Waikato Times 14 March 2009
There’s been a lot of debate around the Human Papillomavirus (HPV) vaccine, but Hamilton teenager Charlotte Dumble sums it up simply and succinctly. “I heard about it through my mum because she really wanted me to get it so that I don’t get cervical cancer.” “Mum” is not your average parent though she’s Waikato Hospital medical officer of health Dr Felicity Dumble. “Having a public health doctor as a mother is a difficult thing,” Dr Dumble says. “She gets all the talks, not just about HPV and immunisation but also about alcohol, drugs, smoking and the rest.” Dr Dumble does not recommend immunisations like the HPV vaccine “willy nilly” though, but rather because of the fact she believes it will save lives.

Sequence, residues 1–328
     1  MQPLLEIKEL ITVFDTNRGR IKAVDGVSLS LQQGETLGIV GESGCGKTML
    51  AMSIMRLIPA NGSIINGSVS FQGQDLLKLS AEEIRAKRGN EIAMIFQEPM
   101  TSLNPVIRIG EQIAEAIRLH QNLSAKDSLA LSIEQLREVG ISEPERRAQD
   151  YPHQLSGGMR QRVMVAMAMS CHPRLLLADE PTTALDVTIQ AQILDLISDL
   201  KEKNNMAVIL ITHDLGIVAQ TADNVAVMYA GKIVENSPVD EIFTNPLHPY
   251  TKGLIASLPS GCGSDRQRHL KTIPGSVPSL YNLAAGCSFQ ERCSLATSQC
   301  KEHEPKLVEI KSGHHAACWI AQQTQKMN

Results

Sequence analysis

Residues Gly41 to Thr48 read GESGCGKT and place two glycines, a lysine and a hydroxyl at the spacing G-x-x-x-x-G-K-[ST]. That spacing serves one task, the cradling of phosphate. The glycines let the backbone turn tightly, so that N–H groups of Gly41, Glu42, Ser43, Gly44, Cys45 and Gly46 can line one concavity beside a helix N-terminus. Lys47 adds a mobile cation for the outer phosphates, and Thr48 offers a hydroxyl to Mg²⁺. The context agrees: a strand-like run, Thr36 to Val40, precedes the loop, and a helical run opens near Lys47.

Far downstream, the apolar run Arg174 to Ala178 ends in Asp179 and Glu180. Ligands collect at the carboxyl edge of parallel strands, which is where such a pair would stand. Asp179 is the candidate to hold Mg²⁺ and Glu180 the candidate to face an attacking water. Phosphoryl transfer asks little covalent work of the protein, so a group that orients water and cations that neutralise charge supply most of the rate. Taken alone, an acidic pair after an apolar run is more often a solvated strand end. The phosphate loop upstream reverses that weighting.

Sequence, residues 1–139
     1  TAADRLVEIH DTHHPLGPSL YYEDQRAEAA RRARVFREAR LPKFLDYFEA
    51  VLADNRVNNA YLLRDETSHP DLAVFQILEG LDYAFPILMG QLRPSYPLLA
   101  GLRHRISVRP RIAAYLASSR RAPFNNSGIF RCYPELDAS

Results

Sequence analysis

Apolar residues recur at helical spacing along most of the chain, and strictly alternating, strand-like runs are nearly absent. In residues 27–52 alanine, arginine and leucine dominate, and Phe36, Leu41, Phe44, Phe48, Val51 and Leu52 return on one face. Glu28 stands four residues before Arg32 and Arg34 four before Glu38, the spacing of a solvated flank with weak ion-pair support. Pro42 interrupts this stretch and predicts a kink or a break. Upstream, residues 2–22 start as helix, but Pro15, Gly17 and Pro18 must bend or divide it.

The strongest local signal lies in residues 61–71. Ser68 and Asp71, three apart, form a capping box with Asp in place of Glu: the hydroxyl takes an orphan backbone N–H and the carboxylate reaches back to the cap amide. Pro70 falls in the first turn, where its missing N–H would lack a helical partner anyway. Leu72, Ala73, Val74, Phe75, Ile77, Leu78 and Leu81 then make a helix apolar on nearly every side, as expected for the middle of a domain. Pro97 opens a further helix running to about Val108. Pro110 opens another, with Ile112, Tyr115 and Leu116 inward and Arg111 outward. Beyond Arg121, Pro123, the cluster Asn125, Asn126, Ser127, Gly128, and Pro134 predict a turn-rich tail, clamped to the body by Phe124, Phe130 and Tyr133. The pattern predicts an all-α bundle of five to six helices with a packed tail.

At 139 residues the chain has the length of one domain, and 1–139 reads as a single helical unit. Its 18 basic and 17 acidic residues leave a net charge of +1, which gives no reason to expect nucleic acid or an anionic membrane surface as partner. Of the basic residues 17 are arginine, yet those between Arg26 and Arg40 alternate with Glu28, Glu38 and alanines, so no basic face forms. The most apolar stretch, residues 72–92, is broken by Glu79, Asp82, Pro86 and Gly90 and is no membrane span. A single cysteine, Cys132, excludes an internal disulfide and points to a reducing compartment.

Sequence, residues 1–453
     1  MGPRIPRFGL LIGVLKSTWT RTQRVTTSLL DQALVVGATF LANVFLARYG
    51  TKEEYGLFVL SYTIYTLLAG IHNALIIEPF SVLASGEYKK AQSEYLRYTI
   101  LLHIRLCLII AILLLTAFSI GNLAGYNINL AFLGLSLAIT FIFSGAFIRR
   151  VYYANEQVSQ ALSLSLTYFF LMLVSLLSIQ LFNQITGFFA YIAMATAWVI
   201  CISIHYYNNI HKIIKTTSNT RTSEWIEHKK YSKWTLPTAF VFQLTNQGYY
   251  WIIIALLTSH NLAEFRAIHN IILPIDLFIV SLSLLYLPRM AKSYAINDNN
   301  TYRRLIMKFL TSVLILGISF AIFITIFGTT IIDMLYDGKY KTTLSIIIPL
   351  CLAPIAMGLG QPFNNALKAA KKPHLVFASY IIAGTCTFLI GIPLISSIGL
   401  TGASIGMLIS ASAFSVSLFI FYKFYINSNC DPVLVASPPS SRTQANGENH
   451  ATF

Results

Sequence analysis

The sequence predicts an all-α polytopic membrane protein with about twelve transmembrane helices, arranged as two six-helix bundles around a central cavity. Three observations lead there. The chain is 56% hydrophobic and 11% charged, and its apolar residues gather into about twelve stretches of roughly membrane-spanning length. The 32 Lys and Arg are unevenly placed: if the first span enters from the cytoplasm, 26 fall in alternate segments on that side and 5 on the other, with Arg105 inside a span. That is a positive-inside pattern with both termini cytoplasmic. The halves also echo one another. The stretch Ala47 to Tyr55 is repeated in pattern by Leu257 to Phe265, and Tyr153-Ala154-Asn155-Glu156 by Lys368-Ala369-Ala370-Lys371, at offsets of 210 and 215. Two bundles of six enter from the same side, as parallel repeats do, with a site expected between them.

….But critics have queried the effectiveness of the vaccine in tackling cervical cancer. Family First national director Bob McCoskrie said last year there was still a lack of sufficient evidence behind the relatively short clinical trials of the vaccine. He said overseas medical journals pointed out researchers had not demonstrated how long immunity of the vaccine would last, or whether eliminating some strains of the cancer-causing virus would decrease the body’s natural immunity to other strains. Mr McCoskrie, on the other hand. believes the best strategy for preventing HPV in teenagers is for them to postpone sex and “promote abstinence”. “We are accepting by default that kids are going to be sexually active at a time that is not suitable or safe for them,” he said. “Young people deserve good advice not vaccines for at-risk behaviour.”